As recently as 2020, Erion has faced gender bias from men in her industry. “Every day you have to prove yourself – it never ends,” Erion said of the barriers of being a woman in leadership in the construction sector.

“Be absolutely sure of WHY you are in the industry! What drives you? Be confident and are you real? You have to be honest about that and be true to your goals.”

– Kim Erion, LKE Corporation

For women interested in leadership positions, Erion suggests they seek knowledge. “… know more than your male competitors,” Erion said, “and if you don’t know –ask, learn – do not be afraid.” She recommends women seek out work, answers and problems to solve.

Sarah Laughlin, Director of Human Resources, Fuel Medical Group

In contrast to the construction and manufacturing sectors, women dominate the healthcare and social services sector in number of employees. Women occupy 79.58% of jobs (26,310 positions) while men hold 20.41% of job (6,749 positions) in the industry. Despite this, wage inequalities still exist in the industry, with men making an average wage of $57,269 while women make an average wage of $41,844. Sarah Laughlin, Director of Human Resources at Fuel Medical Group shares her experience as a leader in the industry.

Founded in 2010, Fuel Medical Group is the leading business advisory company serving hundreds of audiology and ear, nose and throat practices across the nation. Fuel Medical Group focuses on three areas, medical practice support to support growth, tailored revenue growth support and intentional patient engagement. Across Southwest Washington, Fuel Medical Group provides services to ear, nose and throat (ENT) practices, audiology practices, hospitals and medical centers and university clinics.

Before joining Fuel Medical, Laughlin spent five years in the Air Force and has spent her career in the Human Resources field. At Fuel Medical, she has valued being given space to learn, share her opinions and challenge traditional thought.

Fuel Medical Group values diversity throughout their team. “Diversity, whether gender, or race or other factors, has been studied and found to positively impact the bottom line of businesses,” said Laughlin “If you can analyze a problem from many different perspectives, you will get a better product, service, solution. If a business wants to be successful, why wouldn’t you follow those outcomes?”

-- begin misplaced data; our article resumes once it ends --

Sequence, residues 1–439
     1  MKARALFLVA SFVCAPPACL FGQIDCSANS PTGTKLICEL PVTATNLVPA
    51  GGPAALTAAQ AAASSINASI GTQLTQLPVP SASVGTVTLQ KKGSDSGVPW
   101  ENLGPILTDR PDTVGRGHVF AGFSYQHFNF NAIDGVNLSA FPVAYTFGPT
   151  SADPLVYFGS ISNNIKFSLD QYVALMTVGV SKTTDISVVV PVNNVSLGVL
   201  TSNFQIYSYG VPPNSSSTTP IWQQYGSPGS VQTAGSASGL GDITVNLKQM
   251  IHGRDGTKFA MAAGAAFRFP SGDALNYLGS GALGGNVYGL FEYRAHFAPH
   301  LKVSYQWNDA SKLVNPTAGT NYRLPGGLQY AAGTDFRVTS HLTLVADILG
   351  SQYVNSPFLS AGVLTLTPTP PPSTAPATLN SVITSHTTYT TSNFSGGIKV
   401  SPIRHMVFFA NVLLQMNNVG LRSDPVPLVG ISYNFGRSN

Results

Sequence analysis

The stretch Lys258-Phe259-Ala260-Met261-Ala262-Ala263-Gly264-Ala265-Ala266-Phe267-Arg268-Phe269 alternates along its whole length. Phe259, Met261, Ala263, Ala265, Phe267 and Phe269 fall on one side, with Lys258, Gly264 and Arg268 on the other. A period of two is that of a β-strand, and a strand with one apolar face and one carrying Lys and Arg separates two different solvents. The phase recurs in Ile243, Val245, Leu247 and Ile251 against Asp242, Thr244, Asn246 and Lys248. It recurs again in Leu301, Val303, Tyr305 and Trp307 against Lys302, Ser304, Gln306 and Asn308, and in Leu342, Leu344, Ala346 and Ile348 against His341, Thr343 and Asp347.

“Our objective is to empower all staff to creatively problem solve for our clients. That is not exclusive to a gender, but I can say that most of our committees for internal and client engagement are led by women. They are smart, thoughtful and highly creative. I feel very fortunate to work with a great group of women – and that includes my volunteer life as well.”

– Sarah Laughlin, Fuel Medical Group

The co-owners of Fuel Medical Group are also co-owners in Grains of Wrath Brewpub. During 2021, many restaurants, including Grains of Wrath, experienced worker shortages. In response to this, local businesses partnered with WorkSource and Workforce Southwest Washington to create a Prep Cook Bootcamp. The businesses worked with WorkSource and the Next youth career center on candidate recruitment and then turned the program over to a restaurant industry veteran to conduct the actual education. The first course took place in November 2021, where 12 people got industry training and help finding new jobs. Training for the second cohort will take place in March 2022.

Laughlin’s advice to women in the workforce is to be curious about your industry and how your role impacts revenue and expenses. “Knowing that, and the operation, in addition to your specific area of expertise, is the surest way I have found to be successful. Everyone, from the most entry level to the most senior role, has the opportunity to impact the bottom line,” Laughlin said. “Every role can matter. Be inquisitive, ask questions.”

Workforce Southwest Washington is committed to promoting equity through our grants, contracts and services. Guided by our strategic plan, WSW continues to push to advance equity for women and other individuals from historically-excluded communities.

Through changes to language in contracts and requests for proposals, targeted outreach and process changes, WSW strives to increase access to and outcomes from workforce services for women and other individuals from historically-excluded populations.

 

Is your company looking for workforce services or support?

Contact Darcy Hoffman, Director of Business Services at dhoffman@workforcesw.org or 360.608.4949 or submit a request and we’ll contact you.

In addition, we currently have grants available for employee training leading to quality jobs and workplace equity. Learn more and learn how to apply here.